Then Pharaoh commanded all his people, “All sons 1 that are born you must throw 2 into the river, but all daughters you may let live.” 3
Then Pharaoh gave this order to all his people: "Every boy that is born you must throw into the Nile, but let every girl live."
Then Pharaoh commanded all his people, saying, "Every son who is born you are to cast into the Nile, and every daughter you are to keep alive."
Then Pharaoh gave this order to all his people: "Throw all the newborn Israelite boys into the Nile River. But you may spare the baby girls."
So Pharaoh issued a general order to all his people: "Every boy that is born, drown him in the Nile. But let the girls live."
And Pharaoh gave orders to all his people, saying, Every son who comes to birth is to be put into the river, but every daughter may go on living.
Then Pharaoh commanded all his people, "Every boy that is born to the Hebrews you shall throw into the Nile, but you shall let every girl live."
So Pharaoh commanded all his people, saying, "Every son who is born you shall cast into the river, and every daughter you shall save alive."
all his people
that is born
ye shall cast
into the river
and every daughter
ye shall save alive
|NET © [draft] ITL|
that are born
you must throw
into the river
, but all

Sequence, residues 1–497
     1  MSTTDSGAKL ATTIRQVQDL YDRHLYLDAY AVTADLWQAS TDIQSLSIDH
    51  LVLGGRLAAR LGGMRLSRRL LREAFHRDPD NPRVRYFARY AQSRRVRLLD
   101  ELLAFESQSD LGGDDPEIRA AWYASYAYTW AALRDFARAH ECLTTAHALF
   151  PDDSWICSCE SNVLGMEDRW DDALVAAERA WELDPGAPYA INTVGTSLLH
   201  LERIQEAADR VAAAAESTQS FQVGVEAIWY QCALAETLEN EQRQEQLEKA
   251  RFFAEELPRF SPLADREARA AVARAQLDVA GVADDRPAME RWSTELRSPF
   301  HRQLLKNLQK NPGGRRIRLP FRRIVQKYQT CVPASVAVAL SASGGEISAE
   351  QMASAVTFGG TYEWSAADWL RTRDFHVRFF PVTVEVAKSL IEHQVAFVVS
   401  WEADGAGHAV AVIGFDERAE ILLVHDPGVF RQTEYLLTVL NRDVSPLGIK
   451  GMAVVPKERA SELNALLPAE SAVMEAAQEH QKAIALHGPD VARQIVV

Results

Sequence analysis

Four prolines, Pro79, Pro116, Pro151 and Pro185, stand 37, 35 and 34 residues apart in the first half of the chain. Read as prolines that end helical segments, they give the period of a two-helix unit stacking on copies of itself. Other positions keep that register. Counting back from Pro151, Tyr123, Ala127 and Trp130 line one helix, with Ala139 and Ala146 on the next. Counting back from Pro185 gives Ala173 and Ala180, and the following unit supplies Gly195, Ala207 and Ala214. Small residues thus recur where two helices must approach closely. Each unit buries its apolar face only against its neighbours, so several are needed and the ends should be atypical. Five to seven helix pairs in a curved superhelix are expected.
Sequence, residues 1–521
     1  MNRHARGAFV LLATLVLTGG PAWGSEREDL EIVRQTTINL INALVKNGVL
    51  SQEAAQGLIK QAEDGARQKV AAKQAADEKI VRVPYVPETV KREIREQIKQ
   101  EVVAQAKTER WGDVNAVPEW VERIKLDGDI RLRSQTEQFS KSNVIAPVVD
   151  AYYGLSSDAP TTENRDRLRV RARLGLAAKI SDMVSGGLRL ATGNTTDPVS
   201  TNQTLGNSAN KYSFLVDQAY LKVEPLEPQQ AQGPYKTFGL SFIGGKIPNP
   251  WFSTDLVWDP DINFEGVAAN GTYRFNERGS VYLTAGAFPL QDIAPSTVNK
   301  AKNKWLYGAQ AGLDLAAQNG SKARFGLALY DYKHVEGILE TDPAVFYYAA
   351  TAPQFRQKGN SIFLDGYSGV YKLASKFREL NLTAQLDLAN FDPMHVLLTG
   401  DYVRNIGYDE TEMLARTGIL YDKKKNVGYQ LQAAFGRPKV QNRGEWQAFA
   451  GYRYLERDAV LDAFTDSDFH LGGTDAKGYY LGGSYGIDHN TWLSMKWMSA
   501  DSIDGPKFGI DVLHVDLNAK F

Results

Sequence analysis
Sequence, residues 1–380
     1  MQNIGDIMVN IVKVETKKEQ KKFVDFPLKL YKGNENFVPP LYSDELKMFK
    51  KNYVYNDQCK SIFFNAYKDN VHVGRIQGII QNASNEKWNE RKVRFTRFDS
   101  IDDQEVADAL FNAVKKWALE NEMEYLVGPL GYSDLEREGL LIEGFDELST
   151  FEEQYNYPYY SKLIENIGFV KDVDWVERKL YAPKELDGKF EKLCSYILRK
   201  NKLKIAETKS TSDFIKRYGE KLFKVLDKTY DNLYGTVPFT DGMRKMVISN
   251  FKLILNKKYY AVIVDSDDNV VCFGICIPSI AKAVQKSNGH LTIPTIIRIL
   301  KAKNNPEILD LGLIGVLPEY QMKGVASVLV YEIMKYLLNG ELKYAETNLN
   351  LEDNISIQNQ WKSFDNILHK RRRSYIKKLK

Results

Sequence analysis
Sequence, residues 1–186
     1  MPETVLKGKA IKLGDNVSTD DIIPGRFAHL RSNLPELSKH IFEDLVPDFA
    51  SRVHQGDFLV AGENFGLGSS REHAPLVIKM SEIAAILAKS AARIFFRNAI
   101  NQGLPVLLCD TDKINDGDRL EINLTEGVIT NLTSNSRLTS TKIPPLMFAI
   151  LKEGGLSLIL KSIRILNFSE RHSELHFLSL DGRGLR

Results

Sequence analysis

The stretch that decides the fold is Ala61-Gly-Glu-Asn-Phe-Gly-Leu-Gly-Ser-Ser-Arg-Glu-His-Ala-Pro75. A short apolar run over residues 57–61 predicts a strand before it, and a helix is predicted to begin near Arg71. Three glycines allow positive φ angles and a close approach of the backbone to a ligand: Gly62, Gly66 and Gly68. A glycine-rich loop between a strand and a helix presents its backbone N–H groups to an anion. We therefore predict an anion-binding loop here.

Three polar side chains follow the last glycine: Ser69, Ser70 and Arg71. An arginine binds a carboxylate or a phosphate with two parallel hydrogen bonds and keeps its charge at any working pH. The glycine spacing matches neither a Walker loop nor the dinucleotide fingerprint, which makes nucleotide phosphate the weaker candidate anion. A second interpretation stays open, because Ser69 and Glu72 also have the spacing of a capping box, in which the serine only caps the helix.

you may let live.”
|NET © Notes||
1 tn The substantive כֹּל (kol) followed by the article stresses the entirety – “all sons” or “all daughters” – even though the nouns are singular in Hebrew (see GKC 411 §127.b).
2 tn The form includes a pronominal suffix that reiterates the object of the verb: “every son…you will throw it.”
3 tn The first imperfect has the force of a definite order, but the second, concerning the girls, could also have the nuance of permission, which may fit better. Pharaoh is simply allowing the girls to live.
sn Verse 22 forms a fitting climax to the chapter, in which the king continually seeks to destroy the Israelite strength. Finally, with this decree, he throws off any subtlety and commands the open extermination of Hebrew males. The verse forms a transition to the next chapter, in which Moses is saved by Pharaoh’s own daughter. These chapters show that the king’s efforts to destroy the strength of Israel – so clearly a work of God – met with failure again and again. And that failure involved the efforts of women, whom Pharaoh did not consider a threat.